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Communicating Europe

Journals and European Integration 1939–1979

Daniele Pasquinucci, Daniela Preda and Luciano Tosi

This volume is dedicated to the debate on European unification developed between the end of World War II and 1979 in two types of magazines. The first type of magazines are those not exclusively dedicated to the «European» themes, but particularly significant for the impact they had in the cultural-political debate and in the concrete unfolding of the process of European integration; while the second type are militant magazines, belonging to the European and federalist area, whose proactive role was fundamental both for the theoretical elaboration of the ideas as the basis of the future of the European continent, and for the practical propaganda. All these publications contributed in different ways to the spread of knowledge of European integration, of its implications and of its political, social and economic consequences. No less important – and this is the third type of journals taken into consideration in the book – has been the birth and development of magazines directly sponsored by the Community institutions, whose action was framed within a real «European communication», made by the EC institutions, particularly the Commission in Brussels, since their origins.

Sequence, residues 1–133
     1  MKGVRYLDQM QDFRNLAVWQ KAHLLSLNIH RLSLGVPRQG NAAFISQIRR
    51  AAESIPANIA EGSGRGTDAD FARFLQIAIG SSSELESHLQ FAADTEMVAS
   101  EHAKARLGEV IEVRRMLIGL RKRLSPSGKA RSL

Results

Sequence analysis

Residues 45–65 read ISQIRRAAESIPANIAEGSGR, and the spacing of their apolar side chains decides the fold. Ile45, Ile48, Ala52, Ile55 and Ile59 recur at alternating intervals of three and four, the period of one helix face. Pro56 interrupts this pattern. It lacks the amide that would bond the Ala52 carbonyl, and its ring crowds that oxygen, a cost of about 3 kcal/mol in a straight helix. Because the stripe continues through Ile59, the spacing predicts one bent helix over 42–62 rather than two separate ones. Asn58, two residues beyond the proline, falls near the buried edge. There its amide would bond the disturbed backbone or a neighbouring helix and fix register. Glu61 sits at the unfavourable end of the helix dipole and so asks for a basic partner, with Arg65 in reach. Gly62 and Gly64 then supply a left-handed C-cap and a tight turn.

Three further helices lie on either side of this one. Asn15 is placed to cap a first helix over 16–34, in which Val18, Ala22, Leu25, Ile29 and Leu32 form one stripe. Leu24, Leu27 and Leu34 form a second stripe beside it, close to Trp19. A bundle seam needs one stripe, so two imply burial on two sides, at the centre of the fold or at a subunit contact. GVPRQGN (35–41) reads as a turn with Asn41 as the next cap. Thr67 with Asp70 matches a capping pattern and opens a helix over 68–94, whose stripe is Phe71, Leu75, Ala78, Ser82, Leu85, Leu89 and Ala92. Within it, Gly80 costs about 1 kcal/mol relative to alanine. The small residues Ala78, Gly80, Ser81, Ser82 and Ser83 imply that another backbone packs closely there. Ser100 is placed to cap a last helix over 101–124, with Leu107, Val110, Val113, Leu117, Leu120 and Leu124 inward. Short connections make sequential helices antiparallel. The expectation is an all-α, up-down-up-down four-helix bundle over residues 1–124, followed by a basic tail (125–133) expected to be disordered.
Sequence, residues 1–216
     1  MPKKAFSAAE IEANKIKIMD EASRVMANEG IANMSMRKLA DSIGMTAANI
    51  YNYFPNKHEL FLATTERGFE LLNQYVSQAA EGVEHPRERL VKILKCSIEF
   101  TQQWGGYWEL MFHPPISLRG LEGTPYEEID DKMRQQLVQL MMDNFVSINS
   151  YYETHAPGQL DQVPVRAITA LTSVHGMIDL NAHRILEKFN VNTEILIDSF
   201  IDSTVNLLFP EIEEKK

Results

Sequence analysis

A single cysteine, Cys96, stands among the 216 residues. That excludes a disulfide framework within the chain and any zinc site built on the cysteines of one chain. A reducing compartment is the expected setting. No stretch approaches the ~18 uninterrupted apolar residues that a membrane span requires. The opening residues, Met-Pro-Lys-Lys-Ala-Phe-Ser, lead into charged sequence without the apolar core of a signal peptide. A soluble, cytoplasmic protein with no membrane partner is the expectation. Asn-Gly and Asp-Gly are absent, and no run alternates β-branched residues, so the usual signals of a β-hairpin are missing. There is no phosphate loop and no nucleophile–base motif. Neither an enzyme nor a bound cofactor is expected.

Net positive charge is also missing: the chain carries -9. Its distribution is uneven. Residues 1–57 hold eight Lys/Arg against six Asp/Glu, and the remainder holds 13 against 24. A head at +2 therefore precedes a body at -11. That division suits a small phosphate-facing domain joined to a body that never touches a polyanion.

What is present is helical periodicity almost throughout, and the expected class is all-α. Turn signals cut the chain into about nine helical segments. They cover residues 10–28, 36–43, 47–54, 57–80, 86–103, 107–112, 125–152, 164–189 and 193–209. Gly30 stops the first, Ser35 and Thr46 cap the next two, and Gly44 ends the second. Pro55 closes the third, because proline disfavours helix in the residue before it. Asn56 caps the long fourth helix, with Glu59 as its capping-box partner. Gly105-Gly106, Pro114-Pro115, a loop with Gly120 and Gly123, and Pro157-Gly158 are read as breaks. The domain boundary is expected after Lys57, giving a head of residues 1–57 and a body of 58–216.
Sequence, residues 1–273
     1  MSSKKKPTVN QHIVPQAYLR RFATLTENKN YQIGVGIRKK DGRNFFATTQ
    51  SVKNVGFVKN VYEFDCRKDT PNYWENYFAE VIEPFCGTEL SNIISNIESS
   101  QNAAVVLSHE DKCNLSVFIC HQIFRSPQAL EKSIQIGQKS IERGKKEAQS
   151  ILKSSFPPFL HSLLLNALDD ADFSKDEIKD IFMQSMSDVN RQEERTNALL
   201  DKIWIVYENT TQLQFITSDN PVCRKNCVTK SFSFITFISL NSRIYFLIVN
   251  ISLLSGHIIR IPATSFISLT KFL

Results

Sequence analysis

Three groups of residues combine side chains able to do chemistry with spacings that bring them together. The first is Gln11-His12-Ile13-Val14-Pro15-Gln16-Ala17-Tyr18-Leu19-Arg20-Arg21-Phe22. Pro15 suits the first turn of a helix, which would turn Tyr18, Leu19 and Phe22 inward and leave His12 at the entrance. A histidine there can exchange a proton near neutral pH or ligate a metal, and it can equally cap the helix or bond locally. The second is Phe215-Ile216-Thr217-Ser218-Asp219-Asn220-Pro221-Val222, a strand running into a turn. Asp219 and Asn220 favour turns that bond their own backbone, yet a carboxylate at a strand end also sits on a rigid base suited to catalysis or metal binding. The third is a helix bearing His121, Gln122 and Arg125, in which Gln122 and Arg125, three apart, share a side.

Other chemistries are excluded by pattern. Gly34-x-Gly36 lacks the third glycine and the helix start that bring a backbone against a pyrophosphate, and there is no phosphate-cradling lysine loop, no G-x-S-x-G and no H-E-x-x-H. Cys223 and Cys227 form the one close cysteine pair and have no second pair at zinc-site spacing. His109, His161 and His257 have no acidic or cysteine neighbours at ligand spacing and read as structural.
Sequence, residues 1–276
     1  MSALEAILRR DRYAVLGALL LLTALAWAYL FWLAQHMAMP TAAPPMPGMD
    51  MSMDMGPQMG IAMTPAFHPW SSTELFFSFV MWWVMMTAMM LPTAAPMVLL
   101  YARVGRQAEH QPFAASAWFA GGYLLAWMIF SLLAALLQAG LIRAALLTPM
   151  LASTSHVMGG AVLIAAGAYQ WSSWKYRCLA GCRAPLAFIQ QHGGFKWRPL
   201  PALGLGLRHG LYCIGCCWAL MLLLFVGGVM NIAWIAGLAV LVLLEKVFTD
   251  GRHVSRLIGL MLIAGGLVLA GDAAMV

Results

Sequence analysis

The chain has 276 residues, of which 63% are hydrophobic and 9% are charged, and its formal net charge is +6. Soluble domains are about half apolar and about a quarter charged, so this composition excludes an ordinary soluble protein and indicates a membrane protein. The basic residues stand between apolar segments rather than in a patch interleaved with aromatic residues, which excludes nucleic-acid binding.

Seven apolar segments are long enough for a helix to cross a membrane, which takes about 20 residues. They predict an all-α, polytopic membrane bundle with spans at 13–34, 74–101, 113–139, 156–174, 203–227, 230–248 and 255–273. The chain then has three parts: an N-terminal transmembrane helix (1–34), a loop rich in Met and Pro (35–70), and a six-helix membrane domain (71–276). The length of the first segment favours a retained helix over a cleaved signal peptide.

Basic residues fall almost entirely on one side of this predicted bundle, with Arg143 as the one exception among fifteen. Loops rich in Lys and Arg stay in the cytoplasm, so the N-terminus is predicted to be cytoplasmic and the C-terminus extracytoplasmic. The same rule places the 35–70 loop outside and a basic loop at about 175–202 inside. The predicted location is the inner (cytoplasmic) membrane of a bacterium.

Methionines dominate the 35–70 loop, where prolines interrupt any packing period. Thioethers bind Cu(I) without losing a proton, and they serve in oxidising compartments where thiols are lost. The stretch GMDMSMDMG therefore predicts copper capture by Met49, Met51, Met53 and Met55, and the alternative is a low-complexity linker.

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Unieuropa: The Bulletin of CIME, the Italian Council of the European Movement, 1971-1979: Paolo Caraffini


Unieuropa: The Bulletin of CIME, the Italian Council of the European Movement, 1971-1979


CIME, the Relationship with the European Federalist Movement (EFM) and the Presidency of Giuseppe Petrilli

The Italian Council of the European Movement (CIME)1 was founded in December 1948 as the national section of the European Movement (EM) and the coordination structure for pro-Europeans intergroups in both the Chamber of Deputies and the Senate and of the European Federalist Movement (EFM).

This step was welcomed by Prime Minister Alcide De Gasperi, but the leading federalist Altiero Spinelli seemed rather sceptical about the usefulness of this organisation. This had significant consequences on the operational capacity of CIME which, apart from some actions in the period 1949-50 such as participating in the petition for the Pact of a Federal Union, quickly disappeared from the scene and provided the EFM with general control of the Italian pro-European front.

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